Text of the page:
Leinster ran 30 more metres at 381, passed 94 times less at 101, and had 34 fewer runs at 152. Leinster had 49% possession for 54% territory (at least whatever possession they had was in the right areas for the most part), Leinster where called into making 230 tackles (making 205), Glasgow only where called upon 191 times. The big stat, the stat that shows that these are the 2 best teams by a mile in the competition. Glasgow conceded only 7 penalties, Leinster 4! To operate under that pressure and leak only 11 penalties in 80 minutes is a testament to the skill on the pitch.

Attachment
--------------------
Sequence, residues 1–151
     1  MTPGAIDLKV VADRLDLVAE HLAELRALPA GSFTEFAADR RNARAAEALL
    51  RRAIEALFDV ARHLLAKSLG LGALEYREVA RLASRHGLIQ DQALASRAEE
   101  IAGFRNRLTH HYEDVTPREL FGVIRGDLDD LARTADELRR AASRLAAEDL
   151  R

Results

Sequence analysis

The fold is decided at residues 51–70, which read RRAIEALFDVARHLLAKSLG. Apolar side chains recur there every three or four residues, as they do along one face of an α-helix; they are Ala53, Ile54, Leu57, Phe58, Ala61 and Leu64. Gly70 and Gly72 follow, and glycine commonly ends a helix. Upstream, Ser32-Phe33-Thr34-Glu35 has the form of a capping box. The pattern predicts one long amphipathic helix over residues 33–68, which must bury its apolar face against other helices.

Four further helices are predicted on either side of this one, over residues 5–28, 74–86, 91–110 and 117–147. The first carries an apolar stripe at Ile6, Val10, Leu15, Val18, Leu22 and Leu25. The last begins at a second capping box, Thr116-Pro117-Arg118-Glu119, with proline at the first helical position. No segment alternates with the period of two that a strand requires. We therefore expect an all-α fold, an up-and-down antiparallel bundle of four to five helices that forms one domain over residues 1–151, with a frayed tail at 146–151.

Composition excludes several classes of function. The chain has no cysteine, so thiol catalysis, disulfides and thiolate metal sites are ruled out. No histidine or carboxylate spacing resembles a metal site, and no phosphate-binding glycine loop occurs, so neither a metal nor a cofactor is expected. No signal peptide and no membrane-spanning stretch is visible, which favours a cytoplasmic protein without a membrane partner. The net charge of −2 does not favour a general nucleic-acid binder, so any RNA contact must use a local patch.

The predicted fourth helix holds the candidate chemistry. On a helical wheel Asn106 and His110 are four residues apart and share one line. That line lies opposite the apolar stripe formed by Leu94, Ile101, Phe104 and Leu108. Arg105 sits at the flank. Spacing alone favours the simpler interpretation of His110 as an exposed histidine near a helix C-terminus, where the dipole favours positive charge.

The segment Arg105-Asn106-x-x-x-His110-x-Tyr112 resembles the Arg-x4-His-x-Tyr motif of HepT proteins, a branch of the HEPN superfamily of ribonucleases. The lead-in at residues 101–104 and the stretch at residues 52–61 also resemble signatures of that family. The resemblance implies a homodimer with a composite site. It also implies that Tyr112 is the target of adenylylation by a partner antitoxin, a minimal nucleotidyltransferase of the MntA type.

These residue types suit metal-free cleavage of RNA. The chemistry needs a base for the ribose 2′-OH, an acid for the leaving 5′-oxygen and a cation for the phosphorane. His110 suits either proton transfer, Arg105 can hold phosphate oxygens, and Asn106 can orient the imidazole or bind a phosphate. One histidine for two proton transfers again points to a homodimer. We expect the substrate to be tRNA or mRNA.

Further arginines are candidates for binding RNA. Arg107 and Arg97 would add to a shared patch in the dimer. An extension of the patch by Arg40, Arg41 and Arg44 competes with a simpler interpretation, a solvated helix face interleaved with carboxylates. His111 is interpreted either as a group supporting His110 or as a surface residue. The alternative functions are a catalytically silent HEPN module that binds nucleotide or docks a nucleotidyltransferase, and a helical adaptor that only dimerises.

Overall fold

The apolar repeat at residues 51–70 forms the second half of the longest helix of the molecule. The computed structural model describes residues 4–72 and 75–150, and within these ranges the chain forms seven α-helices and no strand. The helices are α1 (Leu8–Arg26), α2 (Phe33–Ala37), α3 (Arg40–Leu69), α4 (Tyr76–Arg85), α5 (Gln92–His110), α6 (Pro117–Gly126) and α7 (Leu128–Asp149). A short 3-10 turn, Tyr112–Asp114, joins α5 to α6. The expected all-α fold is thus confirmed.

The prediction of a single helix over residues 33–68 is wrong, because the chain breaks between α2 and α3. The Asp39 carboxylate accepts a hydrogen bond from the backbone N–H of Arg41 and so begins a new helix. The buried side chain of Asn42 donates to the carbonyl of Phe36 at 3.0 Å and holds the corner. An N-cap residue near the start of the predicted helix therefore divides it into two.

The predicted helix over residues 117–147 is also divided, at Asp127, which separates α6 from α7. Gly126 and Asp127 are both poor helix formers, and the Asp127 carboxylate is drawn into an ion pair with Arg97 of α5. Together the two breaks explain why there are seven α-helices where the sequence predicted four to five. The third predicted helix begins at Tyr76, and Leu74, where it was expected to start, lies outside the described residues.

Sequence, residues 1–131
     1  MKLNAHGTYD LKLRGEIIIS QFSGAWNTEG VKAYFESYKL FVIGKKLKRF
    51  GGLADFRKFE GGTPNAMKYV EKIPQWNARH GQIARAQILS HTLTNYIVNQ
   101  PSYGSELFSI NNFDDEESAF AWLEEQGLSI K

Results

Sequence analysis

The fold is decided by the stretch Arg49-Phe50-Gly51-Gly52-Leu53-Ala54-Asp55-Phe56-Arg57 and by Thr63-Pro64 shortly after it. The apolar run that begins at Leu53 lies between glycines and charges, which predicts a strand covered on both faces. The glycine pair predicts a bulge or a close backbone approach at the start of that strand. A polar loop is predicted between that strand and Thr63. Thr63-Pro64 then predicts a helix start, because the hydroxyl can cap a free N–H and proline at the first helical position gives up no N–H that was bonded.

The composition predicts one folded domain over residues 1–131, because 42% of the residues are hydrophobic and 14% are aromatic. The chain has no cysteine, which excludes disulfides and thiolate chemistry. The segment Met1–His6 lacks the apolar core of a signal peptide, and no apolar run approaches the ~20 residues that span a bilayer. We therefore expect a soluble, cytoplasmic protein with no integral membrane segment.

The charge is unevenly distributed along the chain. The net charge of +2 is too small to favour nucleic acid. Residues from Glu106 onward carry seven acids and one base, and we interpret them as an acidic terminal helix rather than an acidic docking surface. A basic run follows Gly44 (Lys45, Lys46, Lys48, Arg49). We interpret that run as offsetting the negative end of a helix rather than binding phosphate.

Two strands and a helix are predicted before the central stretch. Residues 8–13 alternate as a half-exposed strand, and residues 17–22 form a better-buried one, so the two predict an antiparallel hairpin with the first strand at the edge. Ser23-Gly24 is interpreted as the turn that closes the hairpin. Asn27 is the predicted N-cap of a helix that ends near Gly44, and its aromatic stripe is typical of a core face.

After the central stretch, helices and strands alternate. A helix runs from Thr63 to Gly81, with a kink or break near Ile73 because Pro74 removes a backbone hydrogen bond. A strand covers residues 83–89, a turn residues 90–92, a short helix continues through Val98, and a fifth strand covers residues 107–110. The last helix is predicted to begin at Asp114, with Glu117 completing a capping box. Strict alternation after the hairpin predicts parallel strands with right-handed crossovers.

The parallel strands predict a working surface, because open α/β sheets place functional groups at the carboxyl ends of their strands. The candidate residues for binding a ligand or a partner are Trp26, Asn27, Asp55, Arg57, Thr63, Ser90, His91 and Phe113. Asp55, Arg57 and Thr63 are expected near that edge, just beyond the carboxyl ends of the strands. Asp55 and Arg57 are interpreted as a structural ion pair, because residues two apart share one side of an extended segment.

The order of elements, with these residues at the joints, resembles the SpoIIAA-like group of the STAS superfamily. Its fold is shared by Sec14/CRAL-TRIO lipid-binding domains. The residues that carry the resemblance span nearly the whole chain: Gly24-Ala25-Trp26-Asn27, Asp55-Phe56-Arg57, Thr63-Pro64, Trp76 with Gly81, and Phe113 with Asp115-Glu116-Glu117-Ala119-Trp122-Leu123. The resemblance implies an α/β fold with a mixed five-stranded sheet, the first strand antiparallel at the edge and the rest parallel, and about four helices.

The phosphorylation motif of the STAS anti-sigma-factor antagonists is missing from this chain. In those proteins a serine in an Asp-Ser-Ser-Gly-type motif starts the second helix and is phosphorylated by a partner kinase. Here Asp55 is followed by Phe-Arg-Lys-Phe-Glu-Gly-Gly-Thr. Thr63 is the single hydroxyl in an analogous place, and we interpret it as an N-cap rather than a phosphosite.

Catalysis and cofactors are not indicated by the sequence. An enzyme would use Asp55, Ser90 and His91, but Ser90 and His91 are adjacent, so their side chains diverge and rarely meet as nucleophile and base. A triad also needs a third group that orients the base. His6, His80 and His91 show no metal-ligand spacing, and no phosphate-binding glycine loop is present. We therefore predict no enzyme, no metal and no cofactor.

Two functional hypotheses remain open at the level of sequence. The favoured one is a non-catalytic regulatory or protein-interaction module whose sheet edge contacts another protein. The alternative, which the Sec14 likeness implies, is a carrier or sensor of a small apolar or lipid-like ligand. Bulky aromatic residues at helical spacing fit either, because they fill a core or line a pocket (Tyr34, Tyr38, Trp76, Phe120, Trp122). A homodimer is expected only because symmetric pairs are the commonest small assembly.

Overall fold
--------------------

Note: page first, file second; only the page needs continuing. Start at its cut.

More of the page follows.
As for the set piece, Glasgow lost 1 scrum and 1 l/o. Leinster leaked 1 l/o. Again, top level execution from both sides. The second big stat, the Irish provinces have been conceding more turnovers this year, on Saturday Leinster conceded only 7 (the best of the year so far), Glasgow where turned over 14 times.
In terms of player stats, well it is the usual suspects in blue. Ryan with 28 tackles, missing only 1. Ruddock with 27 only missing 1, Cronin and Healy with 16 and 13 respectively. Henshaw and Ringrose had a big day too on the tackle count with 18 and 11. Glasgow appeared to have taken aim at the blue midfield and the pack. Attempting to batter them like Saracens did. Leinster where more than up to the challenge.
Glasgow has 8 players in double figures for tackles but everyone else on the pitch had at least 3 on the counter. Hogg aside, the entire team had to put in a big shift on the day.